@Skup: The whole point of this post was that StreamWriter does not have a finalizer *because* it would be unsafe if it had one. And there *is* a danger in using StreamWriter without closing it, because some of the buffered data will not be flushed. If losing some of your data that you thought was made durable is not dangerous, I don’t know what is.
    Additionally, I feel that it’s a bit of an overkill to say that you should never use reference types within a finalizer. There are specific cases in which there are types within your control that are safe to use because they do not have a finalizable object in their sub-graph.

    Reply
  5. SkupJuly 31, 2008 ב 6:21 AM

    Hi Sasha,

    for sure it’s easy to forget to call Flush, and I think it’s a good idea to call it whenever you’re done with using a writer (even when disposing it – in this case this is useless, but it shows your intent !).
    The Flush method is meant to be sure your data are written to stream, and the Dispose method is meant to dispose the undelying stream.
    I think is a good way to be sure of what happens.

    About references in the finalizer, the MSDN says ‘The Finalize method should not reference any other objects.’ (http://msdn.microsoft.com/en-us/library/b1yfkh5e.aspx).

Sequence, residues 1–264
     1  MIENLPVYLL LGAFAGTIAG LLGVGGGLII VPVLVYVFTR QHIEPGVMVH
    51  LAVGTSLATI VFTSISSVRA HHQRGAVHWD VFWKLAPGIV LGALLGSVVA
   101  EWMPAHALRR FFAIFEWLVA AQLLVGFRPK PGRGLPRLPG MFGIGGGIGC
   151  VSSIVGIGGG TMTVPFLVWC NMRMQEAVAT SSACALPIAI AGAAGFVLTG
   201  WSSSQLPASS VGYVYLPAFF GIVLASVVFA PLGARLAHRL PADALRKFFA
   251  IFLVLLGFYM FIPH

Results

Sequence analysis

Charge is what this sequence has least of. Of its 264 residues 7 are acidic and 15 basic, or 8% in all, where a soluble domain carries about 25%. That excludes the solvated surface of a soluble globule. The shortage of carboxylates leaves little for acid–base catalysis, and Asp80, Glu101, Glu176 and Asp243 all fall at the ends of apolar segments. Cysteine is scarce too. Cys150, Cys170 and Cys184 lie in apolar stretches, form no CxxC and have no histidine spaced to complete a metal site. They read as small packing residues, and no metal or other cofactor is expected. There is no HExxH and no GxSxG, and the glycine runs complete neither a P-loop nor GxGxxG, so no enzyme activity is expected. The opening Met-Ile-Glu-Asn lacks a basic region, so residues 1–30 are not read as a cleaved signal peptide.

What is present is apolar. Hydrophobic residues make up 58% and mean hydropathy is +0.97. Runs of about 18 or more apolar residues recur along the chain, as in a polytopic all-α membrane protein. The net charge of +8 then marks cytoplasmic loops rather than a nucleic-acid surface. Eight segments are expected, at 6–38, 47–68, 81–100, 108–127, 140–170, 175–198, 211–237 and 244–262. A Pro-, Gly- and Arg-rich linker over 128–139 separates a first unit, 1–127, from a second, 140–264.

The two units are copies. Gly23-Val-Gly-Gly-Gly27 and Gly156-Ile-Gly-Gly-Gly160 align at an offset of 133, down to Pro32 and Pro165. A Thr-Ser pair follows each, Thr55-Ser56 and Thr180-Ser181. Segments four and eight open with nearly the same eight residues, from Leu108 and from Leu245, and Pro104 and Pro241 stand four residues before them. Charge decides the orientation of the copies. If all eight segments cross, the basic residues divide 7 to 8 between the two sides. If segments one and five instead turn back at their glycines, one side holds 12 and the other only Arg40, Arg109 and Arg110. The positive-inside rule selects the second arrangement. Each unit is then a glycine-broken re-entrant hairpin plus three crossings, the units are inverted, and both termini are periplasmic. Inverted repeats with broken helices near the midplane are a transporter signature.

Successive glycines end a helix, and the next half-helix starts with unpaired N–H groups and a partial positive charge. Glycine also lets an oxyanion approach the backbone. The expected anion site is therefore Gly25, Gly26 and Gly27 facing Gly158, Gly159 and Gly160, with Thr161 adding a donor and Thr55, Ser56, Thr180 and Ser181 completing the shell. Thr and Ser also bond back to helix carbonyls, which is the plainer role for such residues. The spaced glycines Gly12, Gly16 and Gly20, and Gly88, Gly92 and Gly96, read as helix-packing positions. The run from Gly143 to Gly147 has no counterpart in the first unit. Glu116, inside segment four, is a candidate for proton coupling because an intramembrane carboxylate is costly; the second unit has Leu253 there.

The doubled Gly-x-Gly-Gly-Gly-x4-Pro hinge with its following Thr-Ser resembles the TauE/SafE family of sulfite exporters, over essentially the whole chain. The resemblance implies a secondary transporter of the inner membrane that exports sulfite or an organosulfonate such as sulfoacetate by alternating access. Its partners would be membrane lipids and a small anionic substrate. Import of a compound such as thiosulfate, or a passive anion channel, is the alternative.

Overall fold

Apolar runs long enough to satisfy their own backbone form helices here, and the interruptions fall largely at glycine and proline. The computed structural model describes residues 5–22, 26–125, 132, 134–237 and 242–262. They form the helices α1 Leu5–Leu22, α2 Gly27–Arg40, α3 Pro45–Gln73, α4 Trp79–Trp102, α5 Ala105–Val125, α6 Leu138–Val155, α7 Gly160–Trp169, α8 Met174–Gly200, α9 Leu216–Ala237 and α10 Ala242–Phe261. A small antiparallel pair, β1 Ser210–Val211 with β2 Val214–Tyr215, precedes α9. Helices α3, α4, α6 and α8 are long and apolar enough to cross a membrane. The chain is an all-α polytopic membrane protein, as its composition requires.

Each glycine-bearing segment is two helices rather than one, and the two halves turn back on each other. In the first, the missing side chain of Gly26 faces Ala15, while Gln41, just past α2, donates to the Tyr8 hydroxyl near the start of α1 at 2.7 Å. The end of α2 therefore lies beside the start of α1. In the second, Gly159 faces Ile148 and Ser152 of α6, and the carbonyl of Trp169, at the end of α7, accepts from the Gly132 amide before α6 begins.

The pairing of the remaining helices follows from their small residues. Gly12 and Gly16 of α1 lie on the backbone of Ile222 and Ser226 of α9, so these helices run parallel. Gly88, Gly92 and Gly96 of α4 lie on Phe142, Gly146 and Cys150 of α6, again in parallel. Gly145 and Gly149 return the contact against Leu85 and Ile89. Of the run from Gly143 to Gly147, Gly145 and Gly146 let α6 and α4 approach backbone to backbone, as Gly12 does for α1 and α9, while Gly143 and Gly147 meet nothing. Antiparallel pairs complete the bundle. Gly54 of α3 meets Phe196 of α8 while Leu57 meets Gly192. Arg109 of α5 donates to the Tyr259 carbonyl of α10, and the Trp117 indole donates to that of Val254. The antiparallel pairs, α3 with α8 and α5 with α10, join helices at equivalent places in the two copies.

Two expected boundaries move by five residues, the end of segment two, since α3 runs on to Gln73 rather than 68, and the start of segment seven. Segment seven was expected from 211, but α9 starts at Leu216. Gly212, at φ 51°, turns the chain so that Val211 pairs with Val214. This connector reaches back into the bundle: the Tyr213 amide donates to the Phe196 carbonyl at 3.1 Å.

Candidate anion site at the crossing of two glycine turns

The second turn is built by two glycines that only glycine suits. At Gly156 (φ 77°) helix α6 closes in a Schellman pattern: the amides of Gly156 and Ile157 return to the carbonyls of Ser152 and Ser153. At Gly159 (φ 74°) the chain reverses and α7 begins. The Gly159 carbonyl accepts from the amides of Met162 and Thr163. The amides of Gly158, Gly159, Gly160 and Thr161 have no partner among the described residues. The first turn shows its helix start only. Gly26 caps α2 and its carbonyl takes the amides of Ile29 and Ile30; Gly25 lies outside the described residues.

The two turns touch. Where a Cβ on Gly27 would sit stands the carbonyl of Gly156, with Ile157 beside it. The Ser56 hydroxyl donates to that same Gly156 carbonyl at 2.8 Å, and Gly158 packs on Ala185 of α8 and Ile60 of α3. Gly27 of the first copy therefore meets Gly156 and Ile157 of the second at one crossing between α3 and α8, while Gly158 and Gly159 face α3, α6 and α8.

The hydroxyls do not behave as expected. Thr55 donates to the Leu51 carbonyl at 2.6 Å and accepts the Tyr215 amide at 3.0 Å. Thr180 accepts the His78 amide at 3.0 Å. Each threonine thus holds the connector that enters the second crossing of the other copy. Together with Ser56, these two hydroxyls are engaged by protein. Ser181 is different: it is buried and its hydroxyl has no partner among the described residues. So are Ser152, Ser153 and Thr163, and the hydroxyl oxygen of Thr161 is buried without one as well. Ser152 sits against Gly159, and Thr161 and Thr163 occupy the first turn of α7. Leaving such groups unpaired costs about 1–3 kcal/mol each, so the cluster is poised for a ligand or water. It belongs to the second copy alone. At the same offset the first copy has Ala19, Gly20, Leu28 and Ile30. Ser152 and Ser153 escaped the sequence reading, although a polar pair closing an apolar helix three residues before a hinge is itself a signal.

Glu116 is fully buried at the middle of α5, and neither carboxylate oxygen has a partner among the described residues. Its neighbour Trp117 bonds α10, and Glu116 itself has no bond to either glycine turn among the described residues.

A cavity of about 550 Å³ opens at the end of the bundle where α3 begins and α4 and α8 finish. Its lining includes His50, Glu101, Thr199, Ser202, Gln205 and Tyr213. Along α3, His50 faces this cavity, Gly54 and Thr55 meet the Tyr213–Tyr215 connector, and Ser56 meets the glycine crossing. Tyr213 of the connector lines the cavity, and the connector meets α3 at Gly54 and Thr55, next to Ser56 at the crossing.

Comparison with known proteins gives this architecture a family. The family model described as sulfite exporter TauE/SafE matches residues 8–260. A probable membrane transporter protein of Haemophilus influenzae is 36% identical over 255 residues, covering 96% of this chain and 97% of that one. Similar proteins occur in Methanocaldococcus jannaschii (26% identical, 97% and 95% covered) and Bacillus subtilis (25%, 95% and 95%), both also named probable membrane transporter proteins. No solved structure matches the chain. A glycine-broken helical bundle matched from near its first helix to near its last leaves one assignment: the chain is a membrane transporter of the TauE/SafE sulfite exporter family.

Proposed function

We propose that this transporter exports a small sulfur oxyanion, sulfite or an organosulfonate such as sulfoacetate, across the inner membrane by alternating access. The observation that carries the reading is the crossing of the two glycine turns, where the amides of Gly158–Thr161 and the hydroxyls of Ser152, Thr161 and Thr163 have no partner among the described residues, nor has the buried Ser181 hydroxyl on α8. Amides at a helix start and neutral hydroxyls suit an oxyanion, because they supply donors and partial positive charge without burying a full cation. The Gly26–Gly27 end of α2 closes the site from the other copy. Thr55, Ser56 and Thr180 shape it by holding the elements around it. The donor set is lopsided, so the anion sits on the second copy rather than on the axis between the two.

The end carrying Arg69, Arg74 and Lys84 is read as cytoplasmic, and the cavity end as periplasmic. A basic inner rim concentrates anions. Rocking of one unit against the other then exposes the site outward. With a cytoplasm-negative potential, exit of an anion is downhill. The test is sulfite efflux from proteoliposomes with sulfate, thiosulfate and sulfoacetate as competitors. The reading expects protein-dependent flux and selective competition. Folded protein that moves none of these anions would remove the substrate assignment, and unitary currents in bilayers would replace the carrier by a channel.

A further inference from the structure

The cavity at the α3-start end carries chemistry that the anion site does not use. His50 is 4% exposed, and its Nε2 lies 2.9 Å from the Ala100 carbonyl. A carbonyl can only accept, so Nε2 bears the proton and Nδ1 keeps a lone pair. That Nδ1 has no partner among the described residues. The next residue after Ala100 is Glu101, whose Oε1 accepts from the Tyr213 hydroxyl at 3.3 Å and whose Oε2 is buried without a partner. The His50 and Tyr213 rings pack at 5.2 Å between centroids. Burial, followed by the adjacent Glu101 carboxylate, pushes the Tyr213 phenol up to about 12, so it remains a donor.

There are surely some cases where you can be sure it won’t be a problem, but I can’t see why it could be useful.

    Reply
  6. Sasha GoldshteinAugust 1, 2008 ב 10:36 AM

    Yes, the intent of this comment from MSDN is quite clear if you look at the context of the whole sentence:

    “An object’s Finalize method should free any external resources that the object owns. Moreover, a Finalize method should release only resources that the object has held onto. The Finalize method should not reference any other objects.”

    This last part implies that you shouldn’t reference objects other than resources internal to your object. However, it does not imply you should not reference any object at all.

    Reply
  7. Brad McCartneyAugust 10, 2012 ב 12:51 AM

    Thank you for the outstanding posts

    Reply